Young Emily

In World of Tomorrow, we have a lot of information thrown at us in 16 minutes. We meet only one character, Emily, and we are informed of her dismal future via a monologue from her future self. The future is devoid of emotion, and everyone simply exists. World of Tomorrow does an excellent job of interweaving humor with morbid situations. I laughed when Emily described people burning in the atmosphere as shooting stars, but this would probably be a horrifying situation to actually be in. Emily’s monotonous tone of voice almost makes us feel emotionless towards the fate of humanity as well.

The film needs present Emily to be young in order to work as well as it does. Young Emily is clueless and naive the whole time she is being told about humanity’s fate. She doodles in the outernet, and pokes the stars as they float through space together. Young Emily speaks in broken sentences, so she does not ask a ton of questions, or react with dismay as future Emily narrates her current state. This helps the film to take its own direction. If Emily could formulate effective questions, we would immediately expect her to ask the same questions we would in her position. We would want her to demand more explanations and suggest solutions. Since young Emily cannot do this, we accept the information we are provided and speculate the rest. Having Emily be as young as she is forces the audience to mull over the film and think about it more instead of having everything simply handed to us.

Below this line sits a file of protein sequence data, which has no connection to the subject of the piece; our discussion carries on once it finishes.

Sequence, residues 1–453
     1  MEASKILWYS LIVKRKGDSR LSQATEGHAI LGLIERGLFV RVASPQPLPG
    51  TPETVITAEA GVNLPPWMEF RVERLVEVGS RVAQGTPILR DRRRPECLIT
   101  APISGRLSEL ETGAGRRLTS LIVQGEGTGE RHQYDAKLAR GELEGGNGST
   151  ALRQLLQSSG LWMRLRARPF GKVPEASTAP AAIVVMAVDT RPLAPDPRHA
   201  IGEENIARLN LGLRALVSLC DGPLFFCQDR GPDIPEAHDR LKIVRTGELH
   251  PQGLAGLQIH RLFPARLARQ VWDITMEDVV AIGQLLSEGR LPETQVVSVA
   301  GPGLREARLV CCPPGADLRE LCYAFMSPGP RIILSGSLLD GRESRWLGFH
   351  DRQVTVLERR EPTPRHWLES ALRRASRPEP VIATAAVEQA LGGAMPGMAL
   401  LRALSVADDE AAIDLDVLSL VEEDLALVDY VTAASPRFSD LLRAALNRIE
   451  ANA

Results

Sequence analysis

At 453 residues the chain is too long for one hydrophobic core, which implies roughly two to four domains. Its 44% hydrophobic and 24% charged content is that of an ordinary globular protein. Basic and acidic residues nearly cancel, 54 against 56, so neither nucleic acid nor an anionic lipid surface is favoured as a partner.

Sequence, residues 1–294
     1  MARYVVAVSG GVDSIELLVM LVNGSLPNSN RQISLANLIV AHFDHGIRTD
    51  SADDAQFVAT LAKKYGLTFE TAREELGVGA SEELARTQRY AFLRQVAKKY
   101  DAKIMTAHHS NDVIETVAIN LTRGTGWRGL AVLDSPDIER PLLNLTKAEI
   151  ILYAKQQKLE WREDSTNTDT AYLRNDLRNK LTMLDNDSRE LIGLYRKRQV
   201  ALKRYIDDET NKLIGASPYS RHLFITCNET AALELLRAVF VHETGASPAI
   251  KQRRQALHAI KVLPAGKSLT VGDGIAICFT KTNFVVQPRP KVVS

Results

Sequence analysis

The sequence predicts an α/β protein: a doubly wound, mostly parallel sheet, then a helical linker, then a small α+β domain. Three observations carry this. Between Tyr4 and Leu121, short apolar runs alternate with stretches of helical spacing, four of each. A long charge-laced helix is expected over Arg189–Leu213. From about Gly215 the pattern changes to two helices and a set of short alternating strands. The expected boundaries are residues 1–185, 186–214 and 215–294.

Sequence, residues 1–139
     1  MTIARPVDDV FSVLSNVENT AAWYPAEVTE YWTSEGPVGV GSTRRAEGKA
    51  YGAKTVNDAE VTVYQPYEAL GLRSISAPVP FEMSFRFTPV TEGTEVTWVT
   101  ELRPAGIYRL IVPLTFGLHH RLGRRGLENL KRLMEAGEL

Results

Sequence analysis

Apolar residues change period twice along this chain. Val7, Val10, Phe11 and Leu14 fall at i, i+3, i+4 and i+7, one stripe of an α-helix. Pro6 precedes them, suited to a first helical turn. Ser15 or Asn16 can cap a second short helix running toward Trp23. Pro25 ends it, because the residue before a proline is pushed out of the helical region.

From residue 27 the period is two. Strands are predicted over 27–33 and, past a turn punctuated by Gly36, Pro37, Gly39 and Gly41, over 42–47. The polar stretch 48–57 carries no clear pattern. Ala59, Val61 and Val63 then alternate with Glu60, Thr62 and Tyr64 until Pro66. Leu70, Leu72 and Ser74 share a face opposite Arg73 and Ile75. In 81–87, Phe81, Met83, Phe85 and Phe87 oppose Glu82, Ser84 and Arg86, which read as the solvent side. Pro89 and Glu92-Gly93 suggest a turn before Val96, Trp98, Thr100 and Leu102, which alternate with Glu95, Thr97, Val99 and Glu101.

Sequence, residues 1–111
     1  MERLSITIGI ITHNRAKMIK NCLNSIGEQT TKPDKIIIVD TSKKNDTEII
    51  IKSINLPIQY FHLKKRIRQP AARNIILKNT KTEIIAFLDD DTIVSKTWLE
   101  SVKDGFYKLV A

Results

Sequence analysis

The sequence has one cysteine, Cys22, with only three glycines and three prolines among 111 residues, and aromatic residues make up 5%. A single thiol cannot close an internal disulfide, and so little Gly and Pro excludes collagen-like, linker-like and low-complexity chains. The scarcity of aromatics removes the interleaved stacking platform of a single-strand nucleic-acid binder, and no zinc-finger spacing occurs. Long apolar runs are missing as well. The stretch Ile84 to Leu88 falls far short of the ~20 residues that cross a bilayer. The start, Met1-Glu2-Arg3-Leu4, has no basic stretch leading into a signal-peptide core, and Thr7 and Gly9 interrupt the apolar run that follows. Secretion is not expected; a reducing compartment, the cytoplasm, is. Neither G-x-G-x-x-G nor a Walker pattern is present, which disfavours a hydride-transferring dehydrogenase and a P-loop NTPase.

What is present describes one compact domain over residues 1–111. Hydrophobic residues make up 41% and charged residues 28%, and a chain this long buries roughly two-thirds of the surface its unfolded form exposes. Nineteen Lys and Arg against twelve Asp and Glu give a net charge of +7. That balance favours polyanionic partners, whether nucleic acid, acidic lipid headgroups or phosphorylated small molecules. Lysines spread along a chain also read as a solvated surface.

A younger Emily is also easier to attach to. We see Emily playing with her toys and she’s full of curiosity towards her surroundings, and then we see the stark contrast of her emotionless, cold future self. This striking change in personality is much more evident by showing the present Emily as a child instead of an adult.

What would have been lost if present Emily had been a different age? Do you think the younger Emily worked well? If not, what would you have chosen instead?

Advertisements

Leave a Reply

Fill in your details below or click an icon to log in:

WordPress.com Logo

You are commenting using your WordPress.com account. Log Out / Change )

Twitter picture

You are commenting using your Twitter account. Log Out / Change )

Facebook photo

You are commenting using your Facebook account. Log Out / Change )

Google+ photo

You are commenting using your Google+ account. Log Out / Change )

Connecting to %s